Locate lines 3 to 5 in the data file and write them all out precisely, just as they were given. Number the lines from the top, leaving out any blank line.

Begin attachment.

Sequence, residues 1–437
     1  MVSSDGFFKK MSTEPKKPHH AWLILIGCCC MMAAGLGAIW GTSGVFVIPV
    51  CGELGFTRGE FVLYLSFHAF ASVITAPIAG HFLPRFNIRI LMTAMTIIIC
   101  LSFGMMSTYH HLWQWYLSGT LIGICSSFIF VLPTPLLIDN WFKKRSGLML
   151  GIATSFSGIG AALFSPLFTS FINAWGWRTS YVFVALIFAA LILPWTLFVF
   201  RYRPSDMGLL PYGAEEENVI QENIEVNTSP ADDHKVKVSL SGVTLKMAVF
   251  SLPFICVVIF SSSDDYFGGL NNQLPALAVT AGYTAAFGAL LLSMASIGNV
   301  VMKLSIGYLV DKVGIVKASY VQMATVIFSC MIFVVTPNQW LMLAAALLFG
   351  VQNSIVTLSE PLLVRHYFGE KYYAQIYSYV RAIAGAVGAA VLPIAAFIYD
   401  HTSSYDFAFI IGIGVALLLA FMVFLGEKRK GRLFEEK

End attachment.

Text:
    51  CGELGFTRGE FVLYLSFHAF ASVITAPIAG HFLPRFNIRI LMTAMTIIIC
   101  LSFGMMSTYH HLWQWYLSGT LIGICSSFIF VLPTPLLIDN WFKKRSGLML
   151  GIATSFSGIG AALFSPLFTS FINAWGWRTS YVFVALIFAA LILPWTLFVF